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Filing a Complaint

This document:

  • explains how to file a complaint against a psychologist or psychological associate
  • describes the review and investigation process, and
  • lists the types of actions the Board may take in response to a complaint.

Who May File a Complaint?

Anyone who thinks that a psychologist or psychological associate has acted illegally, irresponsibly, or unprofessionally may file a complaint with the Board of Psychology. In this document the person who files a complaint is referred to as the "complainant," and the person against whom the complaint is filed is the "licensee/registrant."

Note: Everyone has the right to file a complaint without fear of harassment. If you feel you are being harassed by the licensee/registrant you've complained about, you should notify the Board.

What Types of Complaints Does the Board Handle?

Complaints under the Psychology Board's jurisdiction include the following behavior by a psychologist or psychological associate:

  • sexual contact with a patient
  • violating the patient's confidentiality
  • providing services for which the individual has not been trained or licensed
  • drug abuse
  • fraud or other crimes
  • false advertising
  • paying or accepting payment for patient referral
  • unprofessional, unethical, or negligent acts
  • focusing therapy on the licensee's/registrant's own problems, rather than the patient's
  • serving in multiple roles, i.e., having social relationships with patients, lending them money, employing them, etc.

What Types of Complaints Are Outside the Board's Jurisdiction?

The Board has no authority over fee or billing disputes, general business practices, personality conflicts, or persons who are licensed by other boards (for example, clinical social workers; marriage and family therapists, and licensed professional counselors; educational psychologists; psychiatrists; or psychiatric technicians). Complaints that are not within the Board's jurisdiction will be referred to the appropriate agency, and the complainant will be notified.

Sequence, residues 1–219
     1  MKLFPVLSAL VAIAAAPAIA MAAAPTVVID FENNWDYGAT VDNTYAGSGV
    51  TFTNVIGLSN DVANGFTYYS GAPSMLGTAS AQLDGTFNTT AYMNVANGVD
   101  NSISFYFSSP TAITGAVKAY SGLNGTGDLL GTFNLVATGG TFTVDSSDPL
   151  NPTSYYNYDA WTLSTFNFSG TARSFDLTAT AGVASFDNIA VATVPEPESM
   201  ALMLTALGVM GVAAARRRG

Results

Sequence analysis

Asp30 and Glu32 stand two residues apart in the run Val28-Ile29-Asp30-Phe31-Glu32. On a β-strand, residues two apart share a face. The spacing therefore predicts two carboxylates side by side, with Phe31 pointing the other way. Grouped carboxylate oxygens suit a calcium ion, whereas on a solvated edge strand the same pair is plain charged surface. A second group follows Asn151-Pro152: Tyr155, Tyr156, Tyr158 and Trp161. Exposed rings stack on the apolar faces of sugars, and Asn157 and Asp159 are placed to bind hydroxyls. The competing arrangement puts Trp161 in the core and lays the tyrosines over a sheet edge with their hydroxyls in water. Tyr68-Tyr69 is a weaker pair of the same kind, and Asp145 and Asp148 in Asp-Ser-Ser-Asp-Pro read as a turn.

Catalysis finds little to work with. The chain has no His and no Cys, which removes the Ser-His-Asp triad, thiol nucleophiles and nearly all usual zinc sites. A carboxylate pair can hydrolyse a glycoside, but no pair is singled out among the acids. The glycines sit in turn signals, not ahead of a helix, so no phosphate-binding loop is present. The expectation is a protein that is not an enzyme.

How Do I File a Complaint?

  • Your complaint may be filed electronically.
    Click here for the California Board of Psychology's On-line Consumer Complaint Form
  • You may wish to download a complaint form for submission by mail.

    The California Board of Psychology Consumer Complaint Form is available here in Adobe Acrobat format.

    To obtain this form,
  • Download the Consumer Complaint Form and print it.
  • Complete, sign and mail the form to:
    Board Of Psychology
    1625 North Market Blvd., Suite N-215
    Sacramento CA 95834

You can also contact us for a consumer complaint form at (866) 503-3221. Include as much specific information as you can, including names, addresses, and phone numbers for yourself and the licensee/registrant. State your complaint in as much detail as possible, and include copies of any documents, such as patient records, photographs, contracts, invoices, and correspondence, that can be used as evidence. Do not mail the original documents. It is unnecessary to refer to specific sections of the law that you feel have been violated. Be sure to list all health care providers who may have patient records concerning your complaint. Your signature on the form authorizes the Board to obtain patient records that can be analyzed and evaluated by expert case reviewers. Mail the complaint form and attachments to the address indicated on the form.

The most effective complaints contain firsthand, verifiable information. While the Board will review anonymous complaints, they may be impossible to investigate unless they include documented evidence.

How Will My Complaint Be Processed?

We will notify you that we have received your complaint within ten days of its arrival.

Minor Violations

If your complaint involves a minor violation, it may be handled in one of several ways. We may mediate an agreement between you and the licensee/registrant, issue the licensee/registrant a letter of warning, or set up an educational conference between the licensee/registrant and an expert case reviewer and/or Board staff.

Serious Violations